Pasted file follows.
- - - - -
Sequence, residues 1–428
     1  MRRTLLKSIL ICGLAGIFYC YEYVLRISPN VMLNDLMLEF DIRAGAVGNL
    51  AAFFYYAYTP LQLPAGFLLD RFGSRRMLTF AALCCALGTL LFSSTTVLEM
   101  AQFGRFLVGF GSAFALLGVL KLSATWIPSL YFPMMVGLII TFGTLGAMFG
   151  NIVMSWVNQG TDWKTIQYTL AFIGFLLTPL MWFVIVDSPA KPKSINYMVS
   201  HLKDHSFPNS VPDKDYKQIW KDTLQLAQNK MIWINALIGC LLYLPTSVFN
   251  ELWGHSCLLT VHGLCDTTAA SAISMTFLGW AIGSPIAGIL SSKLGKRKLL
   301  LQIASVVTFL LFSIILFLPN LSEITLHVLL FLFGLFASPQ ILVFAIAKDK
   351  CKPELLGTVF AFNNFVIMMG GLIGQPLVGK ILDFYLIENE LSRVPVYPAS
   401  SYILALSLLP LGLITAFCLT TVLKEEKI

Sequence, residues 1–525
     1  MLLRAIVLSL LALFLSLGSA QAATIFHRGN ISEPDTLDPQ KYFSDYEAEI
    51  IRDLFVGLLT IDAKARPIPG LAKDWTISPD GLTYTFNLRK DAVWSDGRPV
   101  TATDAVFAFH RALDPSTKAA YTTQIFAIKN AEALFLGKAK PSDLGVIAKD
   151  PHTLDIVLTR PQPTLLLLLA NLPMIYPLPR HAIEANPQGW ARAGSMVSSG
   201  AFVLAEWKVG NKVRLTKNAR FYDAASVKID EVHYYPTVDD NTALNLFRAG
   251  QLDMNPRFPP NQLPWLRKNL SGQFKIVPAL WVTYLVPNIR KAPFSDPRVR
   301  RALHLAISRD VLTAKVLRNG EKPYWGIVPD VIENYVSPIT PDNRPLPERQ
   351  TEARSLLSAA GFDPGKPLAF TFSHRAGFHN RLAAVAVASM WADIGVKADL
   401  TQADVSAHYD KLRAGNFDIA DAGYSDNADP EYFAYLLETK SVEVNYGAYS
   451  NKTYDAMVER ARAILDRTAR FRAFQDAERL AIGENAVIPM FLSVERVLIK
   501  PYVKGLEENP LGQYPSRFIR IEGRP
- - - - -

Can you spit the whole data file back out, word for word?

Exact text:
Sequence, residues 1–428
     1  MRRTLLKSIL ICGLAGIFYC YEYVLRISPN VMLNDLMLEF DIRAGAVGNL
    51  AAFFYYAYTP LQLPAGFLLD RFGSRRMLTF AALCCALGTL LFSSTTVLEM
   101  AQFGRFLVGF GSAFALLGVL KLSATWIPSL YFPMMVGLII TFGTLGAMFG
   151  NIVMSWVNQG TDWKTIQYTL AFIGFLLTPL MWFVIVDSPA KPKSINYMVS
   201  HLKDHSFPNS VPDKDYKQIW KDTLQLAQNK MIWINALIGC LLYLPTSVFN
   251  ELWGHSCLLT VHGLCDTTAA SAISMTFLGW AIGSPIAGIL SSKLGKRKLL
   301  LQIASVVTFL LFSIILFLPN LSEITLHVLL FLFGLFASPQ ILVFAIAKDK
   351  CKPELLGTVF AFNNFVIMMG GLIGQPLVGK ILDFYLIENE LSRVPVYPAS
   401  SYILALSLLP LGLITAFCLT TVLKEEKI

Sequence, residues 1–525
     1  MLLRAIVLSL LALFLSLGSA QAATIFHRGN ISEPDTLDPQ KYFSDYEAEI
    51  IRDLFVGLLT IDAKARPIPG LAKDWTISPD GLTYTFNLRK DAVWSDGRPV
   101  TATDAVFAFH RALDPSTKAA YTTQIFAIKN AEALFLGKAK PSDLGVIAKD
   151  PHTLDIVLTR PQPTLLLLLA NLPMIYPLPR HAIEANPQGW ARAGSMVSSG
   201  AFVLAEWKVG NKVRLTKNAR FYDAASVKID EVHYYPTVDD NTALNLFRAG
   251  QLDMNPRFPP NQLPWLRKNL SGQFKIVPAL WVTYLVPNIR KAPFSDPRVR
   301  RALHLAISRD VLTAKVLRNG EKPYWGIVPD VIENYVSPIT PDNRPLPERQ
   351  TEARSLLSAA GFDPGKPLAF TFSHRAGFHN RLAAVAVASM WADIGVKADL
   401  TQADVSAHYD KLRAGNFDIA DAGYSDNADP EYFAYLLETK SVEVNYGAYS
   451  NKTYDAMVER ARAILDRTAR FRAFQDAERL AIGENAVIPM FLSVERVLIK
   501  PYVKGLEENP LGQYPSRFIR IEGRP